"We have an already heightened situation. It's already tense," Wheeler said. "But after nearly five weeks of demonstrations, we are starting to see that small handful of people who were engaged in criminal activity — it was dissipating. It was calming down. We believed a week ago it would be over by this weekend. But what happened instead is the feds stepped in with a very heavy-handed approach, and it blew the lid off the whole thing."

"With the federal government, they won't even identify who they are," Wheeler said. "We don't know why they're here. We don't know the circumstances under which they're making arrests. We don't know what their policies are or what accountability mechanisms there are, to the point where even the U.S. attorney here in the state of Oregon is calling for an investigation, wondering, where was the probable cause to pull these people off the streets into unmarked cars?"

President Trump defended the federal response. "We are trying to help Portland, not hurt it," he tweetedon Sunday. "Their leadership has, for months, lost control of the anarchists and agitators. They are missing in action. We must protect Federal property, AND OUR PEOPLE."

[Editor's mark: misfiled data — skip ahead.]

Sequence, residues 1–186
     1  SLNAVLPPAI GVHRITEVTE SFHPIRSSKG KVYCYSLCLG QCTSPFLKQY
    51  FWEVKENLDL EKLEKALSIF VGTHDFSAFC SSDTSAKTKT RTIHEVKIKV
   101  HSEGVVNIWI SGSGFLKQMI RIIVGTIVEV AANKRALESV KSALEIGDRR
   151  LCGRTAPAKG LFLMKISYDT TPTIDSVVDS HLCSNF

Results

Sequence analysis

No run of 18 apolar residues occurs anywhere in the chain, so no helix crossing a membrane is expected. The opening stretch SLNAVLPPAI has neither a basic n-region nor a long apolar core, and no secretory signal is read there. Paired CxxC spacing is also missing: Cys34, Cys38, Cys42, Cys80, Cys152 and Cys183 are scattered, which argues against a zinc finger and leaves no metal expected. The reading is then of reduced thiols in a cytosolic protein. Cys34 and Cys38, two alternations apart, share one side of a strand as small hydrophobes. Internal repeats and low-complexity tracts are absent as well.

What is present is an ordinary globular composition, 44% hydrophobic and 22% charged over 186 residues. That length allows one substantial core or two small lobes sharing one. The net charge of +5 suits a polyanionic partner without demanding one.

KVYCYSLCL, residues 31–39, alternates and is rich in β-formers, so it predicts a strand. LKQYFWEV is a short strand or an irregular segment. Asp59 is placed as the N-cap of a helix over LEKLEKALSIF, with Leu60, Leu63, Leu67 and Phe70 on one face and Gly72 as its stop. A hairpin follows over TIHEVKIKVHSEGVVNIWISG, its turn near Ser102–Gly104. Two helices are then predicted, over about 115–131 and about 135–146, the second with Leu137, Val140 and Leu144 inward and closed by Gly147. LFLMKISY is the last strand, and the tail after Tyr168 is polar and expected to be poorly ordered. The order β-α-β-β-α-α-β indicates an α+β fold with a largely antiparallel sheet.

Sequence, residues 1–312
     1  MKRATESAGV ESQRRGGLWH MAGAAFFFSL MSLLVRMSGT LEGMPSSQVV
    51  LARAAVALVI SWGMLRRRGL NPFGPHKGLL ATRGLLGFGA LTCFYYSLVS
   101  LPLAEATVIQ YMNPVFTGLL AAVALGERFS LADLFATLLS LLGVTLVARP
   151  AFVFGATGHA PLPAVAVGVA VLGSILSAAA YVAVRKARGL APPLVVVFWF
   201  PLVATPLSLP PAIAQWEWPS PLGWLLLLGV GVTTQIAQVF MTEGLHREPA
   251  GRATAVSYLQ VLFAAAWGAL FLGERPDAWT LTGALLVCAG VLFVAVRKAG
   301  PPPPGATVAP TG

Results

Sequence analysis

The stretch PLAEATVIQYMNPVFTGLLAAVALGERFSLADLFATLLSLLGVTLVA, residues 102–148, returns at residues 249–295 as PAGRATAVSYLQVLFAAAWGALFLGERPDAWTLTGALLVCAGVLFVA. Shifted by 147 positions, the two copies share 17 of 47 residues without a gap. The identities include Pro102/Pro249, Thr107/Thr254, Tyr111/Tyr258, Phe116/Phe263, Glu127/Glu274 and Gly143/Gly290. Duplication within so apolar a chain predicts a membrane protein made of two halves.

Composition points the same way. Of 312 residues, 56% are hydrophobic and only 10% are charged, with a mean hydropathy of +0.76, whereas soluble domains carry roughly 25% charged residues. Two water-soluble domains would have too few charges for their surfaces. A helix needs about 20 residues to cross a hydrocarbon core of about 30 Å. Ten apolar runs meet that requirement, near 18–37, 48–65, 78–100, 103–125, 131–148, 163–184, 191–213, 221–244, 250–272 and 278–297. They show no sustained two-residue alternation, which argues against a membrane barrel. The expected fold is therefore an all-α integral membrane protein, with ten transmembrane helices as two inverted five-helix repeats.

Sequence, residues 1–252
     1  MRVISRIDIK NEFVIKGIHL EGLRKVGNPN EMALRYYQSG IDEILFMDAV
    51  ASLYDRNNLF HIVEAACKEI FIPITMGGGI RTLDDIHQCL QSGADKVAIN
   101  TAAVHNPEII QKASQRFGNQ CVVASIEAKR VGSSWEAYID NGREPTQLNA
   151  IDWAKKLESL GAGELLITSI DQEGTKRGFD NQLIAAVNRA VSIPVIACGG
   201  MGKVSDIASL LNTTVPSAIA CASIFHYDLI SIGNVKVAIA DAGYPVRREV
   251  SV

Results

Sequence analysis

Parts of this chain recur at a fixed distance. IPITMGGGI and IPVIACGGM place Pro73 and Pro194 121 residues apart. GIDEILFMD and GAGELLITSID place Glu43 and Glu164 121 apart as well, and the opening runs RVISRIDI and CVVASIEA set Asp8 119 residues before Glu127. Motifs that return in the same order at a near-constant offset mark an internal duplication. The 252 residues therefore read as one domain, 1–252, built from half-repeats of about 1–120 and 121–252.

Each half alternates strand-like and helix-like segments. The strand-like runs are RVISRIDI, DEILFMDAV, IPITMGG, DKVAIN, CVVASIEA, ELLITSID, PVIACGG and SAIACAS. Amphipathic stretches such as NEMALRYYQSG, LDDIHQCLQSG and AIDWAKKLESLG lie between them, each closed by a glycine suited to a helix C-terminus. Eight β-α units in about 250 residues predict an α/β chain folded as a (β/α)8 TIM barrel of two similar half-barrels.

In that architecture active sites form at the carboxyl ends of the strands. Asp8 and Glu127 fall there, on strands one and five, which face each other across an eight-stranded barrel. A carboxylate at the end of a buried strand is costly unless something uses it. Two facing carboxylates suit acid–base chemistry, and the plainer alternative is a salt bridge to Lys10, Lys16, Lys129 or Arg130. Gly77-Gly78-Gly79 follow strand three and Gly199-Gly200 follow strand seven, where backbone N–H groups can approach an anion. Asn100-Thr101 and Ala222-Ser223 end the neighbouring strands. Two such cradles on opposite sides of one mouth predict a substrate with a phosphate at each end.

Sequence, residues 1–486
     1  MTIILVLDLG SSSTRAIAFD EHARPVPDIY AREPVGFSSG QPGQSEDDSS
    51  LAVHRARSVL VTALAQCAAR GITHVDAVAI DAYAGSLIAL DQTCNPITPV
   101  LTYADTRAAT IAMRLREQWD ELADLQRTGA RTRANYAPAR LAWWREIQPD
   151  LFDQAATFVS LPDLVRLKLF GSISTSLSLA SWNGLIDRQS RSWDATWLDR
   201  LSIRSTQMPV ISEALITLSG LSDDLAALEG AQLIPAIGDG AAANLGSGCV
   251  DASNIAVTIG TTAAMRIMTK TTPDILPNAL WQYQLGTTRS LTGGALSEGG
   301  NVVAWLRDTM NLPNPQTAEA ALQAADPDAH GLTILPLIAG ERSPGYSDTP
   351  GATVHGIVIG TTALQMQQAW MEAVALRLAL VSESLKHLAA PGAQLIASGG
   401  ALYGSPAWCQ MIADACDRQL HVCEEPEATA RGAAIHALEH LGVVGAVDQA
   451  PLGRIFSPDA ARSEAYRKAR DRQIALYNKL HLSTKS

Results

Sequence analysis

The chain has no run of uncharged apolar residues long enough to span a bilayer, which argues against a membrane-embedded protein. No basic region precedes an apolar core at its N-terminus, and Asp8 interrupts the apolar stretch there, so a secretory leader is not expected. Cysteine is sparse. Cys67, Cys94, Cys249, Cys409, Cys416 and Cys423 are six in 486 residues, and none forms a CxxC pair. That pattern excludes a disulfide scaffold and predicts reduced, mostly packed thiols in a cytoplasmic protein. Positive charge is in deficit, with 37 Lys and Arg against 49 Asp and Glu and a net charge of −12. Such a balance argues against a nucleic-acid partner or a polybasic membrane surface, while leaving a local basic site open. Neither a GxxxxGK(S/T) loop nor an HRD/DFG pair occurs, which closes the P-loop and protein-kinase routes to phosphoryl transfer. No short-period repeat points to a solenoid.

Acting Homeland Security Secretary Chad Wolf brushed aside criticism that federal officers are inciting violence.

"I don't need invitations by the state, state mayors or state governors to do our job," Wolf said Monday on Fox News. "We're going to do that, whether they like us there or not."

He called the protesters "violent anarchists and extremists" and said they were "violent well before DHS surged assets into Portland."

Wolf said the Department of Homeland Security will defend Portland's Mark O. Hatfield U.S. Courthouse from destructive acts despite requests from state and local authorities that federal officers leave.

As Oregon Public Broadcasting's Jonathan Levinson told NPR's Morning Edition, Portland police initially reacted with force to the protests, using tear gas and rubber bullets. Activist groups and protesters sued the city and won a temporary restraining order, limiting law enforcement's use of tear gas and rubber bullets — but it doesn't apply to federal law enforcement.